This Editorial from Debra Burger, RN, CNA President, was published in the The Daily News of Los Angeles on April 27, 2004
HEADLINE: DON'T STOP PROGRESS RIGHT IN ITS TRACKS;
NURSE-TO-PATIENT RATIOS HELPING CALIFORNIANS WHO ARE HURT, SICK
BYLINE: Deborah Burger
WILL safer patient care put San Fernando Valley hospitals out of business?< It sounds like a ludicrous question. But some hospital industry executives joined by a few politicians, like Assemblyman Keith Richman, R- Granada Hills, are peddling the notion that a law mandating minimum ratios of registered nurses to safely care for patients threatens the survival of hospitals.
Their goal is to erode public support for improved nursing care, and thus bestow political cover to roll back the patient protections that are already making our hospitals safer and increasing the number of registered nurses in California.
A recent dire report by the Economic Alliance of San Fernando Valley, written by hospital CEOs, is part of the hue and cry. It's missing several salient facts:
--California hospitals reported $3.9 billion in profits in 2002 to the Office of Statewide Health Planning and Development. The largest hospitals were especially well off, listing average profits of about $48 million each. Hospital profits nationally totaled $240 billion from 1986 through 2000.
--Hospitals play a central role in skyrocketing health care costs, the effects of which include the recent grocery strike and the workers' compensation debate. California hospitals marked up their prices by 300 percent over costs in 2000-01, according to a study by the Institute of Health and Socio-Economic Policy last year.
--The nation's 20 biggest pharmaceutical corporations racked up $60.7 billion in profits in 2002. Ten health-care industry chief executives held nearly $8 billion in stock wealth in 2002. Over $732 billion was consumed by hospital, pharmaceutical, Health Maintenance Organizations and medical device corporate mergers from 1993 to May 2003 in an industrywide scramble to muscle up on market share.
Don't stay up nights worrying about the financial health of these moguls. What should concern people instead are the gaping holes in the patient safety net.
A March 2004 Commonwealth Fund survey found 45 million Americans were without health coverage in 2003. Nearly half the insured cited increases in their premiums and their share of medical bills, or cuts or new limits in benefits. Further, 41 percent of adults, age 19 to 64, had trouble paying medical debt; of those, 27 percent were unable to pay for food, heat or rent due to medical bills and 44 percent had to use all or most of their savings.
Quality of care varies widely with those relegated to public hospitals and clinics forced to endure longer waits and fewer resources while others can count on boutique care in specialized facilities for the wealthy.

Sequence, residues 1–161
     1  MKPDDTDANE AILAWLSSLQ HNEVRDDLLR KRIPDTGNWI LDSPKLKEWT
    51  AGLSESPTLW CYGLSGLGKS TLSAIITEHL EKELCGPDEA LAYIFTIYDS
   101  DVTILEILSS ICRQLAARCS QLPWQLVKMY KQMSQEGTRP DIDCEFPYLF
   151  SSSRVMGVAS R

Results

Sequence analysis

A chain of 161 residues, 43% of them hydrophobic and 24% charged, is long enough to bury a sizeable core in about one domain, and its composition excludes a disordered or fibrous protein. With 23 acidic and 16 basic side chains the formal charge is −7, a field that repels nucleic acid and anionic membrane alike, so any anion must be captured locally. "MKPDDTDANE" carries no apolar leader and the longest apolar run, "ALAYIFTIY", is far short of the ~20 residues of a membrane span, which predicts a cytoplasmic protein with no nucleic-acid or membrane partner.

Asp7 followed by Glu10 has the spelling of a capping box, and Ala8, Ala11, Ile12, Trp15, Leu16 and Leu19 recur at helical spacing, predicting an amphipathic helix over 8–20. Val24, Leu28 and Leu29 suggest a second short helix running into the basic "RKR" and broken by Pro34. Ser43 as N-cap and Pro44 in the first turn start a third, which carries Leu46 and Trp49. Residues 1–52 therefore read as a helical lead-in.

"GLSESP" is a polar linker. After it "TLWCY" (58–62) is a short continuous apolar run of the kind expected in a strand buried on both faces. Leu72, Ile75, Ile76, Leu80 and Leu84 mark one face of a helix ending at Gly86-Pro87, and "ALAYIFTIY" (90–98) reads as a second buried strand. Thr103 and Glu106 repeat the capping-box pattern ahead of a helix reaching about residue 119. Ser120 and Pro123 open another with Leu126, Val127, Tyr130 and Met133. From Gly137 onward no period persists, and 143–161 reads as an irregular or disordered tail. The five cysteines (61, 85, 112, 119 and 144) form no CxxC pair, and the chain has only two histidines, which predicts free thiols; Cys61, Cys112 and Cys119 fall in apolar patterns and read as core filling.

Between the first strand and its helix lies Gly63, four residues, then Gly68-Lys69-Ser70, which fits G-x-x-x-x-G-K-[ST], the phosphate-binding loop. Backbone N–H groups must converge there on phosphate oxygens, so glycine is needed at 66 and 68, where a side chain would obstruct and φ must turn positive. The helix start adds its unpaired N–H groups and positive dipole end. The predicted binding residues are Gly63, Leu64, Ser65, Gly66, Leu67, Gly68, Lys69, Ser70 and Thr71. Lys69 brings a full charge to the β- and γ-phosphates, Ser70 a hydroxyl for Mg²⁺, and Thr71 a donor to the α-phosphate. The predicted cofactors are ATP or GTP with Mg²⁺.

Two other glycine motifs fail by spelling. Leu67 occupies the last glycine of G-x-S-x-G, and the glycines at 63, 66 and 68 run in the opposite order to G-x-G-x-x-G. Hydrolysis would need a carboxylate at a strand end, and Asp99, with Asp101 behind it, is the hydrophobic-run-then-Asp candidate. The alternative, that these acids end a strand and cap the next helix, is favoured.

Too many hospitals put a premium on revenue enhancement while skimping on care standards. Poorer hospital nurse staffing is directly linked to higher rates of urinary tract infections, post-operative infections, pneumonia, pressure ulcers and increased lengths of stay, the Agency for Healthcare Research and Quality affirms. Even the private, hospital-funded agency that accredits hospitals, reports that inadequate staffing precipitated one-fourth of preventable patient deaths, injuries or permanent loss of function the past five years.
The response by too many corporate interests to this grim data is to fight any meaningful reforms to expand access to care and assure one standard of care for all, and to wage a campaign to reverse California's landmark safe staffing law.
In addition to a media push, the California Healthcare Association, the hospital industry's lobbying arm, has filed a lawsuit to throw out the requirement that patients should be entitled to safe nursing care "at all times" - meaning the ratios would apply only at the beginning of a shift. The logic seems to be that it's acceptable to put your loved one who has suffered a heart attack or been in a serious accident at risk of unsafe care most of the time they're in the hospital.
The staffing law has already improved staffing in 70 percent of hospitals surveyed by the California Nurses Association. And it's fueling an infusion of new nurses into the state. In the four years since the law was signed, the number of RNs licensed to practice in California has grown by 10,000 annually. The number of nursing students and nurses from other countries taking RN exams to work in California has doubled, and the state agency that licenses RNs has a waiting list of 4,200 additional nurses seeking employment here.
Those who profit off pain and suffering would do lasting damage to all Californians who will one day be hospital patients if they derail this progress now. We should be deploying ways to ensure the success of this law, and promoting new mechanisms to provide quality health care for all.